London: Chinese Premier Li Keqiang met Queen Elizabeth II on the first full day of his official visit to the UK today which aimed to strengthen their trade ties and also repair the strained bilateral relations over Tibet.
It is the first UK visit by a Chinese Premier since a row in 2012 over Prime Minister David Cameron`s meeting with the exiled Tibetan spiritual leader Dalai Lama.
Li has said he hopes the trip will help "change mis perceptions and misgivings" about his country.
The UK has said it remains "deeply concerned" about human rights abuses in China.
Crowds gathered at Windsor Castle to watch Li`s arrival, with Chinese tourists among those who watched his entourage enter the grounds in a fleet of limousines.
The Queen was joined by the Duke of York in the White Drawing Room where the Chinese premier was accompanied by his wife, Cheng Hong.
Campaign group `Free Tibet` had written to the Queen calling on her not to meet Li.
The letter said their meeting "does not appear to be in the interests of the monarchy, the United Kingdom, or those resisting oppression across the world".
Li, who arrived in Britain yesterday, then went on to meet his British counterpart Cameron.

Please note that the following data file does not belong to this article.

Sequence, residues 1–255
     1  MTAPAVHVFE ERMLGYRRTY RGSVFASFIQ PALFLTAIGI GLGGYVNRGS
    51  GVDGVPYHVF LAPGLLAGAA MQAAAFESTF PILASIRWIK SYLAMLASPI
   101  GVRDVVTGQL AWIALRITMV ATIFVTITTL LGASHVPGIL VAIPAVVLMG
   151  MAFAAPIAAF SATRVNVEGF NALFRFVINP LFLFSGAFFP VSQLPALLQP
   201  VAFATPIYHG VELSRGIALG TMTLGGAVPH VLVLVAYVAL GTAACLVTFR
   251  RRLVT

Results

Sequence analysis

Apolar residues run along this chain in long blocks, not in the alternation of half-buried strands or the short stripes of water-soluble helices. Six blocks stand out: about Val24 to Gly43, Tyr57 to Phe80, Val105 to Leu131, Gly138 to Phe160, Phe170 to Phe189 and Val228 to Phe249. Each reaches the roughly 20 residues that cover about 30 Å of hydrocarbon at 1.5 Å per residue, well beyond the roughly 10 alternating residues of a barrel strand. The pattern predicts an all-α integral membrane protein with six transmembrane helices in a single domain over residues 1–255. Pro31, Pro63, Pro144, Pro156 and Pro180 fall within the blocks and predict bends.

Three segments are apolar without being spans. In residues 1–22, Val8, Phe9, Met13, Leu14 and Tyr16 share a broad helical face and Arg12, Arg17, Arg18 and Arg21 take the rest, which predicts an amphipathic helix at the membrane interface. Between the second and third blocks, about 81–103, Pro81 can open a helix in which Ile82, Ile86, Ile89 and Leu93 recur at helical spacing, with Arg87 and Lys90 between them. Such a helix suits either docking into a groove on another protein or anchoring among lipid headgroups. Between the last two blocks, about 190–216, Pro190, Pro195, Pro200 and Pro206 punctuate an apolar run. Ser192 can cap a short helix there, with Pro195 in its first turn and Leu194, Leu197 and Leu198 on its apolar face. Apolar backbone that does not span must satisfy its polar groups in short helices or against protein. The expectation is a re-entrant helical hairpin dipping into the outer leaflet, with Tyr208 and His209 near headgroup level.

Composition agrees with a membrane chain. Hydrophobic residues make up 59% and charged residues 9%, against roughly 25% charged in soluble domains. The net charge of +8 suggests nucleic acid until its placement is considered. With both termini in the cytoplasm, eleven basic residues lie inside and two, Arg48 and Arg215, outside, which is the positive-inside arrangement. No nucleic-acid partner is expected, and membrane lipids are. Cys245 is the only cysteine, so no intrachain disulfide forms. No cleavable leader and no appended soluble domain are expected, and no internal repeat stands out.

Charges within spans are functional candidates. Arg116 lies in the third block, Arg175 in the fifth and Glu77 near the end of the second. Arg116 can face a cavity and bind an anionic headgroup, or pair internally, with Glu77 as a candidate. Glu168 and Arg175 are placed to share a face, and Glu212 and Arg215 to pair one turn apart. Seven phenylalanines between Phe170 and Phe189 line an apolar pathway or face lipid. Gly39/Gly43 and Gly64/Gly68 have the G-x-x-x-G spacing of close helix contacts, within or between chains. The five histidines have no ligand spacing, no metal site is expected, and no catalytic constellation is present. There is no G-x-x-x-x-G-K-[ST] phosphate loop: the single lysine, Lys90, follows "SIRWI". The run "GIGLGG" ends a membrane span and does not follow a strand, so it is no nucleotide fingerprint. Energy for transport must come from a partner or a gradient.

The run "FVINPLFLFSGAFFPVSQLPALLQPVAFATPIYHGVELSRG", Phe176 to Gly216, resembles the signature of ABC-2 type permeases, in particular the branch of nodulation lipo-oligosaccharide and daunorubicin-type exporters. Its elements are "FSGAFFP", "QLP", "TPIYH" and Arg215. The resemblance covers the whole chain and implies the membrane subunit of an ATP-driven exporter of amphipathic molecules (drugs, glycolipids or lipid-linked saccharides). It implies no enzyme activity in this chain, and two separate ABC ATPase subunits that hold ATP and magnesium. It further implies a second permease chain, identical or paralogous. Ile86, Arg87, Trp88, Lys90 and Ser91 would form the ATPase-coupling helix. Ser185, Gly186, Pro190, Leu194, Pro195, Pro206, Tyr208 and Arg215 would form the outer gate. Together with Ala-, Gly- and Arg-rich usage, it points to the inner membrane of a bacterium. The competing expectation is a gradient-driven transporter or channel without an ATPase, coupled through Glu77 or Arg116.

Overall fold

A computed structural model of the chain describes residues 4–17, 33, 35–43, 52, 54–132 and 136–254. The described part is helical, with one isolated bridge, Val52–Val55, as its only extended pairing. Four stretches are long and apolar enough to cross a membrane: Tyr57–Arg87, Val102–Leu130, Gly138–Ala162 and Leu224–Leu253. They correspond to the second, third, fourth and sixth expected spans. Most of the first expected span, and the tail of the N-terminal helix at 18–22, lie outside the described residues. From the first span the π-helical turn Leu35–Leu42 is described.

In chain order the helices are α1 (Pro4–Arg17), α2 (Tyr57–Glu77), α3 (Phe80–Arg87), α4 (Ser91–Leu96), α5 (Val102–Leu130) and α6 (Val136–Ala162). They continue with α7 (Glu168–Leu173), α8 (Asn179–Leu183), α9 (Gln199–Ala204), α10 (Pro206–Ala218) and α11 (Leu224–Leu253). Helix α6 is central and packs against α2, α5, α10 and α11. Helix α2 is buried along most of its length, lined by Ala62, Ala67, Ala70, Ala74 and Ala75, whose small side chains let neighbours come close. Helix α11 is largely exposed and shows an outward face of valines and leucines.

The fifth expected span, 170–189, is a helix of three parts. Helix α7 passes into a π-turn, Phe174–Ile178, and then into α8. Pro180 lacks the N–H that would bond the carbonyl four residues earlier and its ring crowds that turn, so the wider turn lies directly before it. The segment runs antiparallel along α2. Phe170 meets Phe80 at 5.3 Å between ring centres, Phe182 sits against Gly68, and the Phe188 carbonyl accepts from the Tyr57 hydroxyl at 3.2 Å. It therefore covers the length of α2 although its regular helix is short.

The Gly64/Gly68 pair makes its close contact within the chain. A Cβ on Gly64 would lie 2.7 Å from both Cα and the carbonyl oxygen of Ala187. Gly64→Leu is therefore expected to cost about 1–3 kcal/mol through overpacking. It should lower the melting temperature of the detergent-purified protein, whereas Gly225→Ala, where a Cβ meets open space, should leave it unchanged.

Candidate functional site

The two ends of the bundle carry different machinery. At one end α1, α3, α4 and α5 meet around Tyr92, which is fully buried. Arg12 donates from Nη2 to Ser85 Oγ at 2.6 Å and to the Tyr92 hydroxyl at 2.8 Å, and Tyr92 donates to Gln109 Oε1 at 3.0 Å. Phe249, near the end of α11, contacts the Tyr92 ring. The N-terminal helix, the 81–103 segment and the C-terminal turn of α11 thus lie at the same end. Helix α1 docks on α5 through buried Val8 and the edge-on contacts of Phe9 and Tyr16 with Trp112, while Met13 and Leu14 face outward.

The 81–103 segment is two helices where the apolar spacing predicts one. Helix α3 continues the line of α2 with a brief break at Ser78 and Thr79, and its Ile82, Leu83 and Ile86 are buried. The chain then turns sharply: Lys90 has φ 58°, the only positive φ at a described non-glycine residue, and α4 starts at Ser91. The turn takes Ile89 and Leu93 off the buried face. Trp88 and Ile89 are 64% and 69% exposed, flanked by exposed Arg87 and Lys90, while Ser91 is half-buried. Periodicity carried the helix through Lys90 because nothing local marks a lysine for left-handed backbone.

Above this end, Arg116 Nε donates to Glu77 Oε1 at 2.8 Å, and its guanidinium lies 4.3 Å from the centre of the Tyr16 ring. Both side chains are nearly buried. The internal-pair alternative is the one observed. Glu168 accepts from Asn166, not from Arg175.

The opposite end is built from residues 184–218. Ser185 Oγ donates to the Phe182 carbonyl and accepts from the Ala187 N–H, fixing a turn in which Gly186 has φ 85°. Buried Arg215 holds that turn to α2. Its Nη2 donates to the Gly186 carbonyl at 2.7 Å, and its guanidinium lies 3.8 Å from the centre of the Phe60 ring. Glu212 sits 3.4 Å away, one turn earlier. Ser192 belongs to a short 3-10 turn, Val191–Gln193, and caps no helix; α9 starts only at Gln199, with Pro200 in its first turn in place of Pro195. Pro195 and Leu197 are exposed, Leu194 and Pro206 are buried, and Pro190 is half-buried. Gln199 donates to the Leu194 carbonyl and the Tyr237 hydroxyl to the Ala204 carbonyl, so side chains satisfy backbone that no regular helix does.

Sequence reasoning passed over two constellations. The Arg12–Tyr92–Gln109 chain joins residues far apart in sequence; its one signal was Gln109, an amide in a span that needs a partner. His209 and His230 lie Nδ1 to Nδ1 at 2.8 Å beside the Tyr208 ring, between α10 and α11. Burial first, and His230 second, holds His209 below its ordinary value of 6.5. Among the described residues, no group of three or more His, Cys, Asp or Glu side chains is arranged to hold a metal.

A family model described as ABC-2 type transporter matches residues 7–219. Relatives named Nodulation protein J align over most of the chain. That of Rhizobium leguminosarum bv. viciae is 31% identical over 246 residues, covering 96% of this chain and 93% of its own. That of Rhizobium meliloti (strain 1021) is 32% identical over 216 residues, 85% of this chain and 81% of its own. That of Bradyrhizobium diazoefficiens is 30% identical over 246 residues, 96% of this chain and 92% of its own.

Li is the first Chinese premier to visit London since his predecessor Wen Jiabao`s trip in 2011.
Before Wen, President Hu Jintao visited UK in 2005 during which he had to face protests over China`s handling of Tibet.
The relations were further strained after the visit of the Dalai Lama to London in 2012 when British Prime Minister David Cameron met him drawing sharp reactions from China.
China characterises the exiled Tibetan spiritual leader as a "political exile engaged in anti-China separatist activities in the name of religion."
Li, who has been accompanied by a large business delegation, is expected to formally agree commercial deals and investments worth up to 18 billion pounds in areas such as energy and finance.
Negotiations to end a Chinese ban on imports of British beef and lamb will be announced as the two leaders meet in Downing Street.
Restrictions were imposed by China in response to the Madcow disease outbreak in the 1980`s and 1990`s but it is expected that formal official-level talks will begin on opening up a market that could be worth up to 120 million pounds to the British economy.
The Chinese Premier is visiting the UK as part of his tour to European countries.